My original plans were to continue with the examination of some of the views in prior columns and how they have or have not change, but Iâ€™m going to take a quick intermission instead to talk about something else. Because, you see, a little over a week ago, the Giant Gonzalez passed away. And because I actually didnâ€™t hear about it until after that weekâ€™s column had been written, I didnâ€™t get to touch on the thoughts it brewed up in my brain. So, if you donâ€™t mind, Iâ€™m going to do so now, probably in more of stream on consciousness manner than usual (and if you do mindâ€¦ itâ€™s my column. So nuts to you).
Giant Gonzalez was never my favorite wrestler. He was never even a good or charismatic wrestler, for that matter, though by all accounts he was a very nice man. But I would have never, ever decried someone like him having a place in the business of professional wrestling. Because much as I love an athletic presentation over a sports entertainment presentation, the simple fact is, there is always a place for the giant. Just like there is always a place for the comedy wrestler, or for the diva, or even for the midgets.
Thinking about, I guess this column IS piggy backing off of one of my earlier ones. A year ago (give or take a week), I wrote this:
Some of the anti-Hornswoggle contingent maintain thereâ€™s no place for a midget in the WWE. Yet wrestling has often been described as a three ring circus, without the tent. The idea being, itâ€™s got something for everybody. Giants, high flyers, strong men, tattooed men, pretty women, etc. So there absolutely is a place for midget wrestlers or characters, if done right. Hornswoggle, for a time, was done right. Has the character outlived its shelf life? Maybe. It does seem like that thereâ€™s nowhere to go with the character of Hornswoggle other than continued random pairings. But as long as Hornswoggle keeps working hard to be the best damn leprechaun bastard child he can be, Iâ€™m still going to enjoy watching him work, even when heâ€™s working on something I canâ€™t stand.
I still stand by this, even though the WWE doesnâ€™t really subscribe to that idea. It really has never been a secret that the giants and strongmen are what the WWE like best. But, in my opinion at least, professional wrestling needs a little bit of everything to work. Iâ€™m fine with seeing a giant or a strongman (or a little person pretending to be a leprechaun) as long as I get to see the other parts of the circus get their moment in the spotlight. But even though they have the circus style tag line of â€œwe put smiles on peopleâ€™s facesâ€, the WWE doesnâ€™t want anyone to think of the circus or the carnival when they see their show. The problem is, and this is far truer for the WWE than a promotion like ROH that relies on more of a sporting event style, thatâ€™s part of the very appeal of their product. That you can see are acrobats AND strong men AND clowns and freaks and exotic women and so on and so forth, often mixing together but still getting equal spotlight.
Look at WCW. As Chris Jericho said on his recent dvd (which is, by the way, a truly excellent purchase, and possibly one of the last dvd sets the WWE can put out that will actually have a documentary feature that manages to hold its audienceâ€™s attention so spectacularly), one of the main reasons for the company staying on top for so long was the high flying cruiserweights exciting the crowds in the under card. Are these not the acrobats and contortionists of the wrestling world? And yet the WWE sees no place for them except as dumb bells for the strong men and giants. In their haste to separate from the stigma of carnies, they have narrowed their focus down to those two particular things, along with a smothering dose of clowning. That’s not the type of mixing together that helps a show succeed.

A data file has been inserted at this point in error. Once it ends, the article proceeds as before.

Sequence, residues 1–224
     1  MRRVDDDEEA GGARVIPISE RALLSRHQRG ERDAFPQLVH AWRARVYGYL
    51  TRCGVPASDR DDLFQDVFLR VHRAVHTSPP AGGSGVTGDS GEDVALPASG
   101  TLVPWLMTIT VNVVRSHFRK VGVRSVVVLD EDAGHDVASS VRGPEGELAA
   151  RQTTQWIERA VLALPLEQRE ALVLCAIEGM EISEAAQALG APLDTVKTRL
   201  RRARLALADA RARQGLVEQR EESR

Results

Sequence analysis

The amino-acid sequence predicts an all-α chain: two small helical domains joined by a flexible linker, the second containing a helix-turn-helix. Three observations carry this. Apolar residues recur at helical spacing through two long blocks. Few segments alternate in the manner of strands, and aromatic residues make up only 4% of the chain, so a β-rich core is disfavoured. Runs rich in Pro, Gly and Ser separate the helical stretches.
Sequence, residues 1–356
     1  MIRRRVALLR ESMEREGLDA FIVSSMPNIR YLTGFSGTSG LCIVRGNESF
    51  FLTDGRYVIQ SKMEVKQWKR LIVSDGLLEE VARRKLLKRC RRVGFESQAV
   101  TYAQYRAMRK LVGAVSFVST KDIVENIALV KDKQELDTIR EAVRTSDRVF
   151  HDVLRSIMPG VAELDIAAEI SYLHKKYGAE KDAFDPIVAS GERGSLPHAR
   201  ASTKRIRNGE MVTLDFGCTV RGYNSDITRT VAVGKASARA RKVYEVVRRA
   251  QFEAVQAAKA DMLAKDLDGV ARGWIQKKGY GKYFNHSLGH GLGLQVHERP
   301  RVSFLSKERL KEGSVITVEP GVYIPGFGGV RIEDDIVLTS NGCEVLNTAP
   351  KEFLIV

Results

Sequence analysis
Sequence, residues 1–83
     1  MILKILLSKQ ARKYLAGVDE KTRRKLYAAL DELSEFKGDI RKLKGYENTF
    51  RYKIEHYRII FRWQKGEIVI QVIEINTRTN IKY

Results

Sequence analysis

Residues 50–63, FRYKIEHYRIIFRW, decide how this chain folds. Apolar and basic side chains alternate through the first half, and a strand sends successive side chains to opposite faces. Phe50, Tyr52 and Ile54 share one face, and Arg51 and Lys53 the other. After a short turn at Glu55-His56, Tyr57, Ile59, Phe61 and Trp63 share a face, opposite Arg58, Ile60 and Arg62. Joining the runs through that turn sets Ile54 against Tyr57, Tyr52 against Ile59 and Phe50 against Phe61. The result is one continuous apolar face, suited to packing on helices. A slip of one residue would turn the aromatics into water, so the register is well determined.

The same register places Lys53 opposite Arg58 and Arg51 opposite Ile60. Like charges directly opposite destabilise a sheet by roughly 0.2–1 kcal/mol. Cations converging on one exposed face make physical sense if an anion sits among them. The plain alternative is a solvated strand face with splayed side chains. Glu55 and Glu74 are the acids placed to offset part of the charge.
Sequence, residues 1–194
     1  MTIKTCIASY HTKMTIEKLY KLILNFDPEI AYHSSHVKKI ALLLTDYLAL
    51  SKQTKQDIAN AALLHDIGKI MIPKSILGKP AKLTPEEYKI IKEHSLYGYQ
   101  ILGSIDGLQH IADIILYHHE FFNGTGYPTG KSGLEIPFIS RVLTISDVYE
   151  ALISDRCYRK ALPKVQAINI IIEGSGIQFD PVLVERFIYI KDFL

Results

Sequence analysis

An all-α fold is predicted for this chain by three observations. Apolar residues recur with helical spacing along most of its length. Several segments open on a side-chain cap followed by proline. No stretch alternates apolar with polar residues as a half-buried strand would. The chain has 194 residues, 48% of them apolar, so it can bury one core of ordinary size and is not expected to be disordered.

Case in point, look at John Cena. Heâ€™s the main event, arguably the number one star they have, whether heâ€™s holding the title or not. His Superman persona and in ring feats of strength fills the strong man role to a T. And yet every feud heâ€™s in, heâ€™s cracking jokes and not taking it seriously, even when things get serious. WWE has taken their whole circus and dedicated it to comedy. In my opinion, thatâ€™s part of why their ratings are dropping. They had a hot, SERIOUS angle with Nexus, and it quickly became full of wisecracks and strongman antics and inevitability. What good is a lion tamer act if thereâ€™s no danger or seriousness? The constant sameness has resulted in everything on a WWE show tending to have the same flavor, and while that’s not going to kill the juggernaut known as World Wrestling Entertainment off, it’s certainly hurting their best known products: PPVs and television shows.
What does this all have to do with the former El Gigante? Nothing directly. His passing is just what made me think of it. For all his lack of wrestling talent, he still was a stunning visual. But now even the giants have an air of sameness in the WWE. Not because they still aren’t visually impressive, but because they’re over exposed. I think that’s part of why Aloisia the giant NXT diva was so eagerly anticipated by the audience for the hot second she was with the company: she was something we had never seen before, a mix of the giants and the beautiful women parts of the show. Now, you don’t have to ACTUALLY be something the audience hasn’t seen before to make it feel new to them, you just have to put a twist on it. And I don’t mean a return to Russo-esque swerves either, I mean you need to find a way to present the product so that every segment doesn’t feel like the same one you just saw.
In other words, they need to be more like the circus.
Tags: cruiserweights, Hornswoggle, WWE